No one will ever accuse me of understanding much more than arithmetic when it comes to numbers. However fine a creator of spreadsheets I am, you don’t need higher math to make them. No, a three-dimensional thinker I am not, and neither am I apt to just accept a theorem without asking why? That certainly explains my squeaking by in high school math class.

But when I admire a calla lily flower and the way it curves into itself is awesome. It’s like standing at the edge of Niagara Falls. As you look at the torrent rushing over the horseshoe into the abyss, it seems like the water closer to the banks is being drawn to the center. Like gravity is pulling it faster the farther away you get from the center. It is rather mesmerizing to say the least.

I listened to a science writer named Margaret Werthiem describe what used to be a complicated problem in mathematics called “Parabolic Geometry”. And how she used the calla lily flower to describe the fact that only in parabolic geometry could you create a triangle whose angles added up to less than 180 degrees. (That the sum of the interior angles of a triangle always equal 180, was one equation that I accepted but only after careful calculation) In fact you could draw a triangle on calla lily with 3 straight lines and the total of all the angles might even be ZERO!.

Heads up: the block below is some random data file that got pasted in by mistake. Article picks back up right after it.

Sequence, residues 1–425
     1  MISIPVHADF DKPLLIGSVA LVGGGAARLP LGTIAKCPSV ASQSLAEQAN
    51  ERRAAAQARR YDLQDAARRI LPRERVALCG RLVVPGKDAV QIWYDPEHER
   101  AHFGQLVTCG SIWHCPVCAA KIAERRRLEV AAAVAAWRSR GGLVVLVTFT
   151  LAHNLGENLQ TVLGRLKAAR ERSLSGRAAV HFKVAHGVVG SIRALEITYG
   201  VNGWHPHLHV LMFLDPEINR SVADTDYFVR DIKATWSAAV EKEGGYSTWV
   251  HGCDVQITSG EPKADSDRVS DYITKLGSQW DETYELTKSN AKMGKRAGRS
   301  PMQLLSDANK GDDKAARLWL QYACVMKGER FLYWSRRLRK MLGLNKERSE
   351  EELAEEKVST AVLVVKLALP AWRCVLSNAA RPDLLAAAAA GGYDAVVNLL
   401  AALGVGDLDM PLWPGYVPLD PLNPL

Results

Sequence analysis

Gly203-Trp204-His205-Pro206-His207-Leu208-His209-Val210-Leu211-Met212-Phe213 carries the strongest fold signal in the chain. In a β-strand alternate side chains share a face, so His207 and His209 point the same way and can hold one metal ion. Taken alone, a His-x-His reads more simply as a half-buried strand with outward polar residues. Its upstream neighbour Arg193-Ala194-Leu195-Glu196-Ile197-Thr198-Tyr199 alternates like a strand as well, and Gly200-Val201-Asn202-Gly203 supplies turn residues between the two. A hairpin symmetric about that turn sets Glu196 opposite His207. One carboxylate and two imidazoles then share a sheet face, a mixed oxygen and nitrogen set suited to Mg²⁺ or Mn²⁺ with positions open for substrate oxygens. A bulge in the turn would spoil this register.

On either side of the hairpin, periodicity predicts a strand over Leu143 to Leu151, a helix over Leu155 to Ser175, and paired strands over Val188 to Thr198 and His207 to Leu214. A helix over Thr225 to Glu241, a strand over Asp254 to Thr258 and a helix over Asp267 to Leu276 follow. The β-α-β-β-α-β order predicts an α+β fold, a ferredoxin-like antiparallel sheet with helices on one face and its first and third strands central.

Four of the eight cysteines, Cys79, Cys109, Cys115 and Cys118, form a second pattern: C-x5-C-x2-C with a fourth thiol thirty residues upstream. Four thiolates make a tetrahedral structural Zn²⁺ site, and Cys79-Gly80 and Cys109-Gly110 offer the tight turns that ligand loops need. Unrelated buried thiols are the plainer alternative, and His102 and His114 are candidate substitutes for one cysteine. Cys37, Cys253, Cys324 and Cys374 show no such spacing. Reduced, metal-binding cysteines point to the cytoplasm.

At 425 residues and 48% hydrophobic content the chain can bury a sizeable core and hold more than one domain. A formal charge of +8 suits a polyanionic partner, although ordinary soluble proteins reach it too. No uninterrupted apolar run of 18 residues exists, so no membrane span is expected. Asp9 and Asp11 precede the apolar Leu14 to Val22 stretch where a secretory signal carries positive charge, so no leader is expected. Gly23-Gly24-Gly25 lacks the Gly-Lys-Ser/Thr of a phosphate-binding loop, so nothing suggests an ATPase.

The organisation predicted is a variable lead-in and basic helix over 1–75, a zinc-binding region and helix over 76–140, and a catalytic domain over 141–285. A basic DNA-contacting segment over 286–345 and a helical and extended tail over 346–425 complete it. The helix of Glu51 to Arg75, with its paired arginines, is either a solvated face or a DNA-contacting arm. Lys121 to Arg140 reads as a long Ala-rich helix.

I have learned that it took mathematicians hundreds of years to solve the riddle of hyperbolic geometry. And even that those same equations are at the root of modern physics.

Now when you see a calla flower spike, you could not imagine the shape of the flower to come. In fact after you see the flower itself you cannot imagine how it arrived at the shape it is. Perhaps Albert Einstein chanced to look at a calla lily and…

John